In 2021, US-based social media platforms such as Facebook, Instagram, Snapchat, TikTok, and even Twitter piled on user shopping features, paving the way for 61% of US online adults under 25 years old saying that they’ve completed a purchase on a social network without leaving the website or app. Brands salivate at the opportunity to market to young consumers and close the gap between consumer discovery and purchase. Further encouraged by a digital commerce surge in Asia, brands are bullish on social commerce, which Forrester defines as “the customer journey from discovery to exploration to purchase of a product — all within a social media platform.”

There is one problem in the US, however. In 2021, only 15% of US online adults agree that they like to purchase products through social media. US consumers have developed a deep distrust of social media platforms (see graphic below). They believe social media is rife with mis-/disinformation, they don’t trust social networks with their personal information (such as financial data), and they worry about retail scams and fraud. Brands hawking products and services on social media are not immune to this consumer distrust.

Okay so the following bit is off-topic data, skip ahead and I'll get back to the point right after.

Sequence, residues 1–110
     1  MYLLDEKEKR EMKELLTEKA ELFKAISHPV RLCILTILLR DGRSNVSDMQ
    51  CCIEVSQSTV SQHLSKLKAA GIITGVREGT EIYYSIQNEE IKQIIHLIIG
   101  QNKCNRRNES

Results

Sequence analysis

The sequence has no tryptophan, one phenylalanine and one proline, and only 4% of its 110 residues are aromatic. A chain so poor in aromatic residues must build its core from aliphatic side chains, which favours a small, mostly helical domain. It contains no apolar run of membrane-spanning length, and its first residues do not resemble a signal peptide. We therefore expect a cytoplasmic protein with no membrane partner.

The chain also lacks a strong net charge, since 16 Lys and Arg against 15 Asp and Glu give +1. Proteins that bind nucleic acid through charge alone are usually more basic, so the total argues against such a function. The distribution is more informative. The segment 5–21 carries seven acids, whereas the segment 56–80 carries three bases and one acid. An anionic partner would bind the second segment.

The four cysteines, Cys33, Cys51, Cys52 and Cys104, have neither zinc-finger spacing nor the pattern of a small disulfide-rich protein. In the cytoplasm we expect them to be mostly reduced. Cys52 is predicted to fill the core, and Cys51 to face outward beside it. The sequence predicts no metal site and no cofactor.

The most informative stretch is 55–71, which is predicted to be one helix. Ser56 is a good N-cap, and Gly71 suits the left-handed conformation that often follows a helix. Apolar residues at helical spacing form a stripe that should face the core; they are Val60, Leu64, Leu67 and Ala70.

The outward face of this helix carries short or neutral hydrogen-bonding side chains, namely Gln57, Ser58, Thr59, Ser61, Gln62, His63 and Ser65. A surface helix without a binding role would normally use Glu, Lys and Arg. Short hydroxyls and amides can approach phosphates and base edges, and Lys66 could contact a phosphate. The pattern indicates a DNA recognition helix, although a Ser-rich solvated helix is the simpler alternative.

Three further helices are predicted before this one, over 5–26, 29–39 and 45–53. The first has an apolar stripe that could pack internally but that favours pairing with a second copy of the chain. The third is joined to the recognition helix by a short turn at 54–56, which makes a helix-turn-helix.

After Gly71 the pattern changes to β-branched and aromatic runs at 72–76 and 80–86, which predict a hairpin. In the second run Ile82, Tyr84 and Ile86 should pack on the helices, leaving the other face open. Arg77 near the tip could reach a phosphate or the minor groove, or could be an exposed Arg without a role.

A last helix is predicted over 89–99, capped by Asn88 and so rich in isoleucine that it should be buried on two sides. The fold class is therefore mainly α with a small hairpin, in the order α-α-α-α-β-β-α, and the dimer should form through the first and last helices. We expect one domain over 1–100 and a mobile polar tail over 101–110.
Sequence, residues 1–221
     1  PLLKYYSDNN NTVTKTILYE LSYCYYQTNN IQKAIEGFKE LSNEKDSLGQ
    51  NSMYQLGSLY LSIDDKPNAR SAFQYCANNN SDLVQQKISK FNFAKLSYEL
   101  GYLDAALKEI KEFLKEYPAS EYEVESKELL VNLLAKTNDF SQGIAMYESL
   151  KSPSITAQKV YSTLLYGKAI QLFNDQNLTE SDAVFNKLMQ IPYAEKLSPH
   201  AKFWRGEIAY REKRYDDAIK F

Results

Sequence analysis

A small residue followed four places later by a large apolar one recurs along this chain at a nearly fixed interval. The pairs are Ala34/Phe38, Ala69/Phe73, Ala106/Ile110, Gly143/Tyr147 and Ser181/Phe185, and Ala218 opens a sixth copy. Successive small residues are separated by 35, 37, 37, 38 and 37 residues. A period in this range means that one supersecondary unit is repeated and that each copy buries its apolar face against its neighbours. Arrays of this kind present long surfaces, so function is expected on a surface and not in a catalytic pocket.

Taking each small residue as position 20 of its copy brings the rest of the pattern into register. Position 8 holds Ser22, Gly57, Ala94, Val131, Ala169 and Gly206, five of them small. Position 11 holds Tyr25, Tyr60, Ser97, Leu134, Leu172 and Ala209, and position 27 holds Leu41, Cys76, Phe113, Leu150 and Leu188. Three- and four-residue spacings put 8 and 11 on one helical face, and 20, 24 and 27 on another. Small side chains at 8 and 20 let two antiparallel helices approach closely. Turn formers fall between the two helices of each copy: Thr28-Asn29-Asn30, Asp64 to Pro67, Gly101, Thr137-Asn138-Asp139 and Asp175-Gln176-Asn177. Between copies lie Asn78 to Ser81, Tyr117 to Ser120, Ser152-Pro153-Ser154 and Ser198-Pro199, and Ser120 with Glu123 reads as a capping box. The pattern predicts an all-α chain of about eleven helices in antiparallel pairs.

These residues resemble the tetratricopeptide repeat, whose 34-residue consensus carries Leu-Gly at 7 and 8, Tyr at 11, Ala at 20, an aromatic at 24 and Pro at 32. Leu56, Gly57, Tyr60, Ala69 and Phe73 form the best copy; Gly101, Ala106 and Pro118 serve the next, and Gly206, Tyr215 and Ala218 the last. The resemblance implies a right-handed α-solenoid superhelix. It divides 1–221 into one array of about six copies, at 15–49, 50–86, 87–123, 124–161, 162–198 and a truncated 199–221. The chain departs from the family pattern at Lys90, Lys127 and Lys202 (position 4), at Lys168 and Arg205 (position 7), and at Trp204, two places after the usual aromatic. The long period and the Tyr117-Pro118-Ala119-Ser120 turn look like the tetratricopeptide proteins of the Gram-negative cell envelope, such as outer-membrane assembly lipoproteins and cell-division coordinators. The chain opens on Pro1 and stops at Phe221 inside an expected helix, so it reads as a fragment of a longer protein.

What’s a brand to do? Stop thinking about social media as a standalone, do-it-all commerce channel. Instead, treat it as one piece of your omnichannel commerce plan and a key driver in the discover and explore stages of the customer journey. While US consumer distrust in social media platforms may hinder brands’ abilities to sell directly via native checkout (vs. redirecting to retailer checkout), brands can get consumers closer to the point of sale on social media via dynamic product tags or embedded links that drive to, partnerships with content creators, dedicated in-app shops that encourage browsing, and even messaging apps/chatbots for specific shopping recommendations.

But before experimenting with social commerce, brands should first ask themselves key strategic questions:

  • Does your target audience want to shop on social media?
  • What is your plan for social commerce attribution and measurement?
  • Who will own and contribute budget to your social commerce program?
  • Does your tech portfolio enable omnichannel commerce?

Concrete and honest answers to these questions will dictate how much or little to include social commerce in your omnichannel commerce strategy.

More questions? Read our full report on The State Of US Social Commerce, and schedule a Forrester guidance session or inquiry session.

Special thanks to Fiona Swerdlow, Sucharita Kodali, and Emily Pfeiffer for the early collaboration and contributions!